Another smart move was how the stages were broadly split up by genre, with techno to the West, house up North, all things bass down South, and the Main Stage playing host to marquee names like Jamie xx and Moodymann. Some of the clashes are unbearable, but we roll with the punches and manage to pack loads in. At its best, Sunfall did an excellent job of joining the dots and showing how well disparate genres can be incorporated into a small-scale festival. Namely – house and techno can co-exist perfectly well with bass music! Punters’ tastes are broader than promoters are often willing to realise, and looking ahead I think there’s plenty of room in London for nights with a more varied music policy, not just booking four identikit DJs.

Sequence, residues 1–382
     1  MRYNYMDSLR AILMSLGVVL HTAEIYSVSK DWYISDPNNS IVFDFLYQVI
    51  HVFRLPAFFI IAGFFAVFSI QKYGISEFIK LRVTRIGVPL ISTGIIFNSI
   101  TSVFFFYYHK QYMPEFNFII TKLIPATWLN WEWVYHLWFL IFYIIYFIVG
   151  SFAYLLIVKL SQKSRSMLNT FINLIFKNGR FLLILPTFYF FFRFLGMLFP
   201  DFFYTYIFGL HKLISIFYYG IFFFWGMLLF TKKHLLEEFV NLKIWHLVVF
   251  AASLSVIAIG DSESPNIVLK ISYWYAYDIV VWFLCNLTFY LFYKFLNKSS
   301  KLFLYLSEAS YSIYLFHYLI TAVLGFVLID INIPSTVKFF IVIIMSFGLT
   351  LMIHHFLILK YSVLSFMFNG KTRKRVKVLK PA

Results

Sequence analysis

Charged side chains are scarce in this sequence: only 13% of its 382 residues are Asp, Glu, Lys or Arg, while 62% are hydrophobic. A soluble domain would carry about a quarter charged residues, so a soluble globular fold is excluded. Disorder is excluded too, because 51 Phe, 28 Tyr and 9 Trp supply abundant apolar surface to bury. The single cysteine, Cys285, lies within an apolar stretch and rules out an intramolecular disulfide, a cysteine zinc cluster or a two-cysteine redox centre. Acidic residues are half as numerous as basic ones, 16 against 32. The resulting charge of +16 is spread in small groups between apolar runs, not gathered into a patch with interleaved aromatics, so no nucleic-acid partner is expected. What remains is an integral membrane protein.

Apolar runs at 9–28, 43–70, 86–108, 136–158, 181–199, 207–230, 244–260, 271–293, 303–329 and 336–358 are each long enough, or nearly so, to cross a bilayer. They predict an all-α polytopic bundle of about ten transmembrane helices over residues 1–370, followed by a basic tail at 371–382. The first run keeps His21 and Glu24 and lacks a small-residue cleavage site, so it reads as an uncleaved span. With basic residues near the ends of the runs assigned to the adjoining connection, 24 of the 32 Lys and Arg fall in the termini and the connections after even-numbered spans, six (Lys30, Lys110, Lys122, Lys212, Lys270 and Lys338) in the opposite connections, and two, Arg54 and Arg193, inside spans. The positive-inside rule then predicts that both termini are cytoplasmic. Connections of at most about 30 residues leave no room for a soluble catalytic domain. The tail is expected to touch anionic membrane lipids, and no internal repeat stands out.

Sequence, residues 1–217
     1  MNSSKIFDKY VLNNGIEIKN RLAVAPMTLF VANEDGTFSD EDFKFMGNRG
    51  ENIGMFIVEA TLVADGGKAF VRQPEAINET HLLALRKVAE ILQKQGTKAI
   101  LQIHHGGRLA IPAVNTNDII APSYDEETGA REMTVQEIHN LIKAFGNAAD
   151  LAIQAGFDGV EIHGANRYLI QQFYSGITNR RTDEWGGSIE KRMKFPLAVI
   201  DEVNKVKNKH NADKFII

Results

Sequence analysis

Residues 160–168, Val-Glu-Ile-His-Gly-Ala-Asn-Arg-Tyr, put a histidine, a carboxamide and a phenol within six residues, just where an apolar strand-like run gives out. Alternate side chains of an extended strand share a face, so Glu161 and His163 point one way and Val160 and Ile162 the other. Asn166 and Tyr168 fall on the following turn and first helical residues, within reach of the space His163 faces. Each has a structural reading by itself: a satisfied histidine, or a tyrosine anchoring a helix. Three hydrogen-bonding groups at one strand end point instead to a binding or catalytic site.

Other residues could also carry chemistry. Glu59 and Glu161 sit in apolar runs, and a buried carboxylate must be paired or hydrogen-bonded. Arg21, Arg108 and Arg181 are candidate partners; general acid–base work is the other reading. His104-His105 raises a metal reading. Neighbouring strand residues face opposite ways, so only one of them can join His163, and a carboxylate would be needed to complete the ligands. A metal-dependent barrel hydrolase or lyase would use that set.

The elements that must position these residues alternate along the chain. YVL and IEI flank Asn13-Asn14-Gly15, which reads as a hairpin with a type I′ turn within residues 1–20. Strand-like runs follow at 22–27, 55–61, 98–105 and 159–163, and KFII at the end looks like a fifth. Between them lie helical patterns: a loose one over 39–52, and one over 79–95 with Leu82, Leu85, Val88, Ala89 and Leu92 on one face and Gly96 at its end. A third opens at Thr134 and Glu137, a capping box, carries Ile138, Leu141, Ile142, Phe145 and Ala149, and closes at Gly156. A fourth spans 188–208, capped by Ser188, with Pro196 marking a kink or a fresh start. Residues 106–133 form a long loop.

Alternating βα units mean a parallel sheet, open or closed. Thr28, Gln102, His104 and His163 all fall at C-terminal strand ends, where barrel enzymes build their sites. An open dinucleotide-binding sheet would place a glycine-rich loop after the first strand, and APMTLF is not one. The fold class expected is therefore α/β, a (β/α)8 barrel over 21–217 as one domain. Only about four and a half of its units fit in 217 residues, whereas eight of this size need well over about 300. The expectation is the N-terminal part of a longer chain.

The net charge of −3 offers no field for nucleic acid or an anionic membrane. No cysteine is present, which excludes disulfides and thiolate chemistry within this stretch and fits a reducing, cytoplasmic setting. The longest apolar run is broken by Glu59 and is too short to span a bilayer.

Anyway, to the music itself. There’s no turning up late with a lineup like this or you’ll miss out on some great early sets. Sassy J kicks things off, her eclectic, sun-dappled blends setting the perfect midday mood. Afterwards we move over to Josey Rebelle – the last time I saw her play out I felt her set suffered from a lack of variety, but there’s no such complaint this time as she gets the crowd moving with consummate ease. The North tent is rammed for Fatima Yamaha, whose set is a buoyant showcase of why you’d be foolish to write him off as a one-hit-wonder. Although that said, ‘What’s a Girl to Do’ is still a clear highlight, and goes down a storm with the crowd who chant the synth line back like a football crowd.